Social media analytics: analysis and visualisation of news diffusion using NodeXL

Date11 February 2019
Publication Date11 February 2019
AuthorWasim Ahmed,Sergej Lugovic
SubjectLibrary & information science,Information behaviour & retrieval,Collection building & management,Bibliometrics,Databases,Information & knowledge management,Information & communications technology,Internet,Records management & preservation,Document management
Social media analytics: analysis
and visualisation of news
diffusion using NodeXL
Wasim Ahmed
Northumbria University, Newcastle upon Tyne, UK, and
Sergej Lugovic
Zagreb University of Applied Sciences, Zagreb, Croatia
Purpose The purpose of this paper is to provide an overview of NodeXL in the context of news diffusion.
Journalists often include a social media dimension in their stories but lack the tools to get digital photos of the
virtual crowds about which they write. NodeXL is an easy to use tool for collecting, analysing, visualising and
reporting on the patterns found in collections of connections in streams of social media. With a network map
patterns emerge that highlight key people, groups, divisions and bridges, themes and related resources.
Design/methodology/approach This study conducts a literature review of previous empirical work
which has utilised NodeXL and highlights the potential of NodeXL to provide network insights of virtual
crowds during emerging news events. It then develops a number of guidelines which can be utilised by news
media teams to measure and map information diffusion during emerging news events.
Findings One emergent software application known as NodeXL has allowed journalists to take group photos
of the connections among a group of users on social media. It was found that a diverse range of disciplines utilise
NodeXL in academic research. Furthermore, based on the features of NodeXL, a number of guidelines were
developed which provide insight into how to measure and map emerging news events on Twitter.
Social implications With a set of social media network images a journalist can cover a set of social media
content streams and quickly grasp situational awarenessof the shape of the crowd. Since social media
popular support is often cited but not documented, NodeXL social media network maps can help journalists
quickly document the social landscape utilising an innovative approach.
Originality/value This is the first empirical study to review literature on NodeXL, and to provide insight
into the value of network visualisations and analytics for the news media domain. Moreover, it is the first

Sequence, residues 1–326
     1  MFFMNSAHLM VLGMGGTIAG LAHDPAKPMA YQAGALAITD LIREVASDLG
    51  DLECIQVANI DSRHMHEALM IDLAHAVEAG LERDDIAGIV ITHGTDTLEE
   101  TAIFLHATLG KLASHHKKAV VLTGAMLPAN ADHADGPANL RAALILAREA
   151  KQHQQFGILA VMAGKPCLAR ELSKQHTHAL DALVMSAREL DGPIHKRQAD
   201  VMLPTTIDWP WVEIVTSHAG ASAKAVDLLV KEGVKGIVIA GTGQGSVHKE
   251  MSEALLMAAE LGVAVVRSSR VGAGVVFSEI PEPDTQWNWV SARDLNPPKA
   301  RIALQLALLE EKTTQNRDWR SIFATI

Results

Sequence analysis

empirical study to develop guidelines that will act as a valuable resource for newsrooms looking to acquire
insight into emerging news events from the stream of social media posts. In the era of fake news and
automated accounts, i.e., bots the ability to highlight opinion leaders and ascertain their allegiances will be of
importance in todays news climate.
Keywords Twitter, Social media, Social network analysis, Fake news, Information diffusion, Bots
Paper type Research paper
Social media platforms generate substantial amounts of information on a range of topics
and have become important channels of information flow in the twenty-first century (Bruns
et al., 2014). Originally, social media were created to allow members of the public to connect
to one another for personal use but their use now stretches beyond this. One area that has
benefited from the advent of social media is newsrooms because journalists are likely to
include a social media element to their stories. Indeed, citizens may now also expect media
sources to provide a social media element. One social media platform that has risen in
popularity for its ability to diffuse news rapidly across the world is Twitter.
Twitter boasts an impressive 328m monthly active users with 1bn unique visits to
tweets across the World Wide Web (About Twitter, n.d.), and Twitter is utilised by a
subset of the global human population (Ahmed, 2017; Andrew Perrin, 2015; Holmberg and
Thelwall, 2014). Due to the number of active users of Twitter emerging news events may
appear to be reported on Twitter prior to reaching traditional media outlets. It is not
surprising, therefore, that tweets in themselves have become to appear on television and
Online Information Review
Vol. 43 No. 1, 2019
pp. 149-160
© Emerald PublishingLimited
DOI 10.1108/OIR-03-2018-0093
Received 15 March 2018
Revised 18 June 2018
15 September 2018
Accepted 17 September 2018
The current issue and full text archive of this journal is available on Emerald Insight at:
Social media

To continue reading

Request your trial

VLEX uses login cookies to provide you with a better browsing experience. If you click on 'Accept' or continue browsing this site we consider that you accept our cookie policy. ACCEPT